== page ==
"Around My Head" is another one of my favorites. Another radio friendly song, their most recent single is undeniably and unapologetically catchy. The rhythm guitar alone always catches me in this song as it almost bounces. I'm not going to give away the video but lets just say it's a funny and demented video that includes a dead girlfriend. 
"Sabertooth Tiger" is the heaviest song on the album. Not much to say about it, though it is a good song. I will mention one memory I have of this song. I'll talk about the times I saw them in concert at the end of this post but the first time I saw them, in 2010, they closed with this song. Me and my friend left early because we just didn't get it. This was before my near unhealthy obsession with CTE started.
Moving along quickly, "Japanese Buffalo" is my least favorite song on the album. Theres a lot of what seems to be gibberish in the lyrics. I guess Adam Sandler helped write the song? ;)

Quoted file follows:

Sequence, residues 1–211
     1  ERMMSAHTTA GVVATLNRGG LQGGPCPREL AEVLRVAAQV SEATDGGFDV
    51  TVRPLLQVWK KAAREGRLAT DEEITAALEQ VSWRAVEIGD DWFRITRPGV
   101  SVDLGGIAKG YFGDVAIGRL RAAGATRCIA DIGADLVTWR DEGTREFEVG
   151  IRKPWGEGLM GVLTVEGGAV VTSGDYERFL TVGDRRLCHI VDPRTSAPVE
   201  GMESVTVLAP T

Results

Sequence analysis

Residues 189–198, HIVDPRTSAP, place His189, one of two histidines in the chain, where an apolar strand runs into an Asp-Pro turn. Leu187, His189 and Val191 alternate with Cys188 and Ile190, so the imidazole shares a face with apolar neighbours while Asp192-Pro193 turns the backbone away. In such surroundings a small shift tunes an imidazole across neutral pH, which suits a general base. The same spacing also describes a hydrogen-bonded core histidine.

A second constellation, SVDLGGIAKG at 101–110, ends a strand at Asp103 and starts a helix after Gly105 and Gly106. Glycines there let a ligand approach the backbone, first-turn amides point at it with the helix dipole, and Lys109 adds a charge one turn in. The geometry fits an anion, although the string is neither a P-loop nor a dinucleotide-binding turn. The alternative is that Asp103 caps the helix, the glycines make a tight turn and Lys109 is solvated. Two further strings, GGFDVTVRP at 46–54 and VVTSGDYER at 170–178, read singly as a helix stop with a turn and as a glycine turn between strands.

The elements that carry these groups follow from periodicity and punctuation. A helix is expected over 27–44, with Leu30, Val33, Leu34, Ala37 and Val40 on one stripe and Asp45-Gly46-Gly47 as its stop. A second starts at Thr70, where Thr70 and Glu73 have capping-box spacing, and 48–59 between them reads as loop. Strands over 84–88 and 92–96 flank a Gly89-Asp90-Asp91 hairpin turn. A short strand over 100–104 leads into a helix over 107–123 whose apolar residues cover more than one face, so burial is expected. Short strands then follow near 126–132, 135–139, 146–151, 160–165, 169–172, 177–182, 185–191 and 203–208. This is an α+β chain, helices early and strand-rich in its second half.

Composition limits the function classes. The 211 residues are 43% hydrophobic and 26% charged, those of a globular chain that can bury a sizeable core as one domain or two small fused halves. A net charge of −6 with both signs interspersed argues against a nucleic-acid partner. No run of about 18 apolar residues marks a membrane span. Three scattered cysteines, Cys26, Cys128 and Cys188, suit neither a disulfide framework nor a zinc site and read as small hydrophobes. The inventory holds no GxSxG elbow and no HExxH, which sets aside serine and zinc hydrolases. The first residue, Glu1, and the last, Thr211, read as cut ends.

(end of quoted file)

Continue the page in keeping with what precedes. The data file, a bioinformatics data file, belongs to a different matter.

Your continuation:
The final song, "Flow'', is the most relaxed on the record. It is a very relaxing song, but it took awhile to grow on me.

I have seen CTE twice in concert now and their energy is undeniable. The first time i saw them my friend Cliff and I took a road trip to ST. Louis (about three hours away from where we live) and saw them at the Pageant with supporting acts 22-20s and Autovaugn (quick side note: I thought 22-20s were better) This road trip is probably the most interesting I have ever had but that is a post for another day. I will say that I got to meet Matt Schultz (lead singer of CTE) outside the venue about 4 or so hours before the concert, he's a really cool dude. The second time I saw them was at the House of Blues in Orlando, FL. I was on vacation with my family and had found out about the concert ahead of time and order myself a ticket. This was the first concert I had ever been to by myself but that didn't matter. They played with supporting act O'brother (who is a very talented young band with an album coming out in the coming months) and they co-headlined with Manchester Orchestra (who I don't really care about other than the songs "I've Got Friends" and "Simple Math"). I actually met the singer/guitarist for O'brother, another cool guy. Seriously be on the lookout for O'brother.

Anyways, I feel Cage the Elephant has an undeniable energy both in the studio and live. I leave you with a video to show their live energy...